Alongside my more predominant abstract minimalism styles, I also develop my skills in character design and these characters are then developed in my creative writing.
My oldest and most drawn character is Verin, a female demon named after the Christian demon of laziness.
Over time her design has undergone many changes and my discovery of vector graphics has fueled this unending quest for perfection. What follows is a look at a single drawing and what changes and why.
First is the original pencil drawing (henceforth referred to as v.1.0), identified as 'Verin 61', which primarily serves as a framework for the digital image rather than a finished drawing in its own right. The fire coming from her fingertips is part of an aspect in my creative writing in which demons can conjure 'demon-fire'. A later addition to the previous major digital drawing added a white scarf that resembled a World War 1 pilot's. This change was therefore included in v.1.0. Continuing the flight theme are the googles in her left hand.
Version numbers are used to help organise each iteration. Version 1.1 stays fairly close to the original, although the vitiligo facial markings on her mouth and ear were not in v.1.0. In previous digital drawings, her clothes, gloves and foot straps were various shades of blue, but for v.1.1 I tried colours closer to the rest of the colour palette.
V.1.4 is the next major iteration and most noticeably reverts to the aforementioned shades of blue as it was decided that the contrast in colours worked better as it made her red skin stand out more. Another noticeable change involved improvements in the shape of the scarf, giving it a smoother look. Also, older drawings of Verin featured her with a more human shaped face, but this has since developed into a snout, which I am continually improving in depicting from various angles. Facial improvements can be seen in how the hair and horns have changed between these two versions.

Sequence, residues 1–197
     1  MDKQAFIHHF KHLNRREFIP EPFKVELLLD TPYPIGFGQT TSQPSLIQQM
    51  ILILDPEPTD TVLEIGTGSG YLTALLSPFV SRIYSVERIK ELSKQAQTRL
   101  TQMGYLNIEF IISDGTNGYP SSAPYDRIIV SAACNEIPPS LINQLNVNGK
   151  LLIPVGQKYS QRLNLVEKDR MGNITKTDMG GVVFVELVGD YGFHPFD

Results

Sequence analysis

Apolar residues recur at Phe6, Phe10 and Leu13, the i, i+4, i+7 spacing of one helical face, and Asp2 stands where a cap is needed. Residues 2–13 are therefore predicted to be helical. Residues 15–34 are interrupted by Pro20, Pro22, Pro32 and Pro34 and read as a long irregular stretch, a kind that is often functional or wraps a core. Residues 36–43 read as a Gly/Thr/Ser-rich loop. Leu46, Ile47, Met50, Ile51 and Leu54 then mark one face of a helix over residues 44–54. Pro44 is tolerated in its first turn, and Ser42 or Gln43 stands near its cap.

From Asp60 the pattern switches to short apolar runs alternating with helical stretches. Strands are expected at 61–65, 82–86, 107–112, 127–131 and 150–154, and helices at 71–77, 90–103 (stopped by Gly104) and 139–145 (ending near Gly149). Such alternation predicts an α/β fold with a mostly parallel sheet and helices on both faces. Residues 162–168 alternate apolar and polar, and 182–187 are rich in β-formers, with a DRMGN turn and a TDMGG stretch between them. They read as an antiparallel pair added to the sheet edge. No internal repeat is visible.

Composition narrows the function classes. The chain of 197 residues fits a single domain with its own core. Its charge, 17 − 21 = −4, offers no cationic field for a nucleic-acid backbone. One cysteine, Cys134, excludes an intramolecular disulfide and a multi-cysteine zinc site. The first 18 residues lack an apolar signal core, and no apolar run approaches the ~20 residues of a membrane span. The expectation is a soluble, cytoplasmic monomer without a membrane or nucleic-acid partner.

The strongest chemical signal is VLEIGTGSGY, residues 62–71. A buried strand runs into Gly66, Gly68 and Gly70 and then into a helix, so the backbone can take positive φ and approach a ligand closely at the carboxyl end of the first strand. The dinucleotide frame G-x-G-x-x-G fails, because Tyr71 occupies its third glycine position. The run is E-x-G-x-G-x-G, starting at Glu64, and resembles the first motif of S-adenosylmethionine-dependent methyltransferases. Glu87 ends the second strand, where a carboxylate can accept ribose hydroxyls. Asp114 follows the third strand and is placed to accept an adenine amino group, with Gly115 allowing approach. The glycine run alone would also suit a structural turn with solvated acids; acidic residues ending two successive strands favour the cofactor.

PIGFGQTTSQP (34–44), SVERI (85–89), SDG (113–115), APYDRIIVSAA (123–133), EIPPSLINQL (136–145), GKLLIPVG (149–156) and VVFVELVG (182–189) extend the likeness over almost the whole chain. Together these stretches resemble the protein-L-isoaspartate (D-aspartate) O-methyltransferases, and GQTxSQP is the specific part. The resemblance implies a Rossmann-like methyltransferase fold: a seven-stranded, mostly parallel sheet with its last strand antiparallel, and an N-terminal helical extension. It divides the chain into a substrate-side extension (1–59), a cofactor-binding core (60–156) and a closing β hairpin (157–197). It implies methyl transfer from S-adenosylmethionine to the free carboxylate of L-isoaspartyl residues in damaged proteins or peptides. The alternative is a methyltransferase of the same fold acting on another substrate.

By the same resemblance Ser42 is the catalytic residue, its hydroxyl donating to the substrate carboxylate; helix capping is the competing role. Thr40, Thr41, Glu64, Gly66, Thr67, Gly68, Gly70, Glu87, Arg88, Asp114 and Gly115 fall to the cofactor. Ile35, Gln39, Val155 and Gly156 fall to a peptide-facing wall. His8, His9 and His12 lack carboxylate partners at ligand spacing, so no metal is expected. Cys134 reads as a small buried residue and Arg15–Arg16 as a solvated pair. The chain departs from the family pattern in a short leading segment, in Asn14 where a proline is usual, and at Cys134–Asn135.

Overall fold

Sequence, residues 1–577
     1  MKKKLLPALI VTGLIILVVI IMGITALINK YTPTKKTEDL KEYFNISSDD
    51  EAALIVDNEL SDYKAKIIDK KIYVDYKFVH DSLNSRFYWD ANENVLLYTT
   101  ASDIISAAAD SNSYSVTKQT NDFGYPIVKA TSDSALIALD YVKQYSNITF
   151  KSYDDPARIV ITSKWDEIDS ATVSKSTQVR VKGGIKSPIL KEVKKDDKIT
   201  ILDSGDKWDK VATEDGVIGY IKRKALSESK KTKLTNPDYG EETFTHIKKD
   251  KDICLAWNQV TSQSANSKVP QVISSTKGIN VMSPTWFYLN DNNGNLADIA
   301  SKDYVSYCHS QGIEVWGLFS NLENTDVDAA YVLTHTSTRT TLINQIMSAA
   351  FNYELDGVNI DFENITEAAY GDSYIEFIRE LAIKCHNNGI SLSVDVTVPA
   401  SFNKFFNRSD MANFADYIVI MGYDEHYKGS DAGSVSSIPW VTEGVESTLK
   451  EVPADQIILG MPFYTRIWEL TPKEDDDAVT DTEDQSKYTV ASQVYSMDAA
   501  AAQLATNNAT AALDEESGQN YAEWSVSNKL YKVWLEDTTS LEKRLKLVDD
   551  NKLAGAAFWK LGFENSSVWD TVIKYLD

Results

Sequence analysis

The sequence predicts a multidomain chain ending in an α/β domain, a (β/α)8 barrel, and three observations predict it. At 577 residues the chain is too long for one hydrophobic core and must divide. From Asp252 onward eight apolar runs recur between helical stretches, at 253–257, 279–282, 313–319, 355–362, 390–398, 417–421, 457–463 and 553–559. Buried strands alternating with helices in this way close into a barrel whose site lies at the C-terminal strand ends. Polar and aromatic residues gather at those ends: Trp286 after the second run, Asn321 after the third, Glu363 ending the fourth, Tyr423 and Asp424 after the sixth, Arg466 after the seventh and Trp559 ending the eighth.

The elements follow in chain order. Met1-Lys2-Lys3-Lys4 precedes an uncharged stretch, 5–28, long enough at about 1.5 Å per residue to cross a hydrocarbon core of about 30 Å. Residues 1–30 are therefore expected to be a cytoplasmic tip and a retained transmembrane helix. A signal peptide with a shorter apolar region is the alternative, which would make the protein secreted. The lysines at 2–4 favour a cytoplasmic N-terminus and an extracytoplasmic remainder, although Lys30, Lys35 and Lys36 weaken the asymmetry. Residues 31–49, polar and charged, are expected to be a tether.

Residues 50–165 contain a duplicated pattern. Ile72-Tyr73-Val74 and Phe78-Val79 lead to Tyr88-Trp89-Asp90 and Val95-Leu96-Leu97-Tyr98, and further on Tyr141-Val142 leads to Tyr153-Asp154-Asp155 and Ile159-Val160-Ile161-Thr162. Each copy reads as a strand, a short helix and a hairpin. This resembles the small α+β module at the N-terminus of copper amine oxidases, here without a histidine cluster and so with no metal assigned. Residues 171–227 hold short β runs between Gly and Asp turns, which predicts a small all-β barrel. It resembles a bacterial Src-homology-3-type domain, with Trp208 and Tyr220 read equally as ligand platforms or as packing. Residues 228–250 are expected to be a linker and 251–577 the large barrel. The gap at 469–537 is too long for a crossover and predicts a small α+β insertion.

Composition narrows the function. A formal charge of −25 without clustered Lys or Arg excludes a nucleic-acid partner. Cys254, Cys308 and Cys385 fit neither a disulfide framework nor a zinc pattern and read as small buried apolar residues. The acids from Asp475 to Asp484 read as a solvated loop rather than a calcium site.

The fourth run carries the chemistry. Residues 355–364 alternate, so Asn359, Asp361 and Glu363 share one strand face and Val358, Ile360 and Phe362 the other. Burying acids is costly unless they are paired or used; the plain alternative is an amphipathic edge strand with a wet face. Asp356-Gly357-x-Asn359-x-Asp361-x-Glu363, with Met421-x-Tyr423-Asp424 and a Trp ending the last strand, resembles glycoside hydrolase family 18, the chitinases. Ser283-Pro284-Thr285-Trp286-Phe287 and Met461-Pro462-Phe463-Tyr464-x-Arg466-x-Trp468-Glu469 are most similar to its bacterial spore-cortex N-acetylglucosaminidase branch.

The major change in v.1.7 is the alteration of her clothing from sleeveless vest over a long-sleeve t-shirt tucked into tracksuit bottoms/sweatpants into a boilersuit/coveralls. This style of clothing has appeared on other characters of mine and is partly because I find that they can reduce unnecessary detail, allowing it to be focused on other aspects and also flow better without interruptions such as belts.
V.1.93's major change is in how her scarf is gathered: instead of the ends hanging down her back, between her wings, it is instead knotted at her nape. The decision for this change was based on practicalities in-universe because a loosely hanging scarf may cause a distraction while she is in flight.
Focus remains on the scarf in v.1.97, in which the changes have been twofold. Firstly, the knot in the scarf has been replaced by a brass ring or other such fixing. Secondly, the shading in the fold along the middle of the scarf continues uninterrupted and shading of the scarf overall has been improved to give it more shape and definition.
Going back on previous assertions that coveralls worked through lack of belts interrupting them, I experimented with a belt with belt loops in v.2.2 because I had decided that perhaps the lack of detail on the coveralls made them look too plain and featureless.
The brass ring/fixing has been replaced by a brass hex nut. Matching this is a hex nut she is showing of, which replaces the demon-fire she was conjuring. These changes were part of a creative writing idea at the time involving her scavenging metal either as a job for a blacksmith or as a metal sculptor.
Following this new metal fixing/machine parts theme is the addition of gear patterns on the scarf, which also make the scarf more visually interesting and break up the solid colours.
One of the major changes is that the googles are removed (but not necessarily from her character's wardrobe, just this particular drawing) and her arm is moved upwards so that her hand is now tugging/adjusting her scarf. This change was made partly due to how awkward she held her hand against her hip.
Another change was the improvements to how I draw her horns; drawing curved horns can be difficult, especially from this angle. However, through the course of this series of changes, I have been able to gradually improve.
Also, after removing the belt from her coveralls, I instead added a zip running down the front. With the contrasting colour and simple trio of parallel lines, this proved to be a better executed addition than the belt, whose colour blended in and whose perspective in relation to Verin's body was off.
A minor change was an increase in the number of teeth visible in her grin to show a greater contrast in size between the protruding canine and its neighbours.
Finally, my typeface 'Verin Slab' (Verin is its namesake) makes an appearance as the numbers '5462' on her coveralls.
V.2.6 was a major leap forward, featuring many different changes.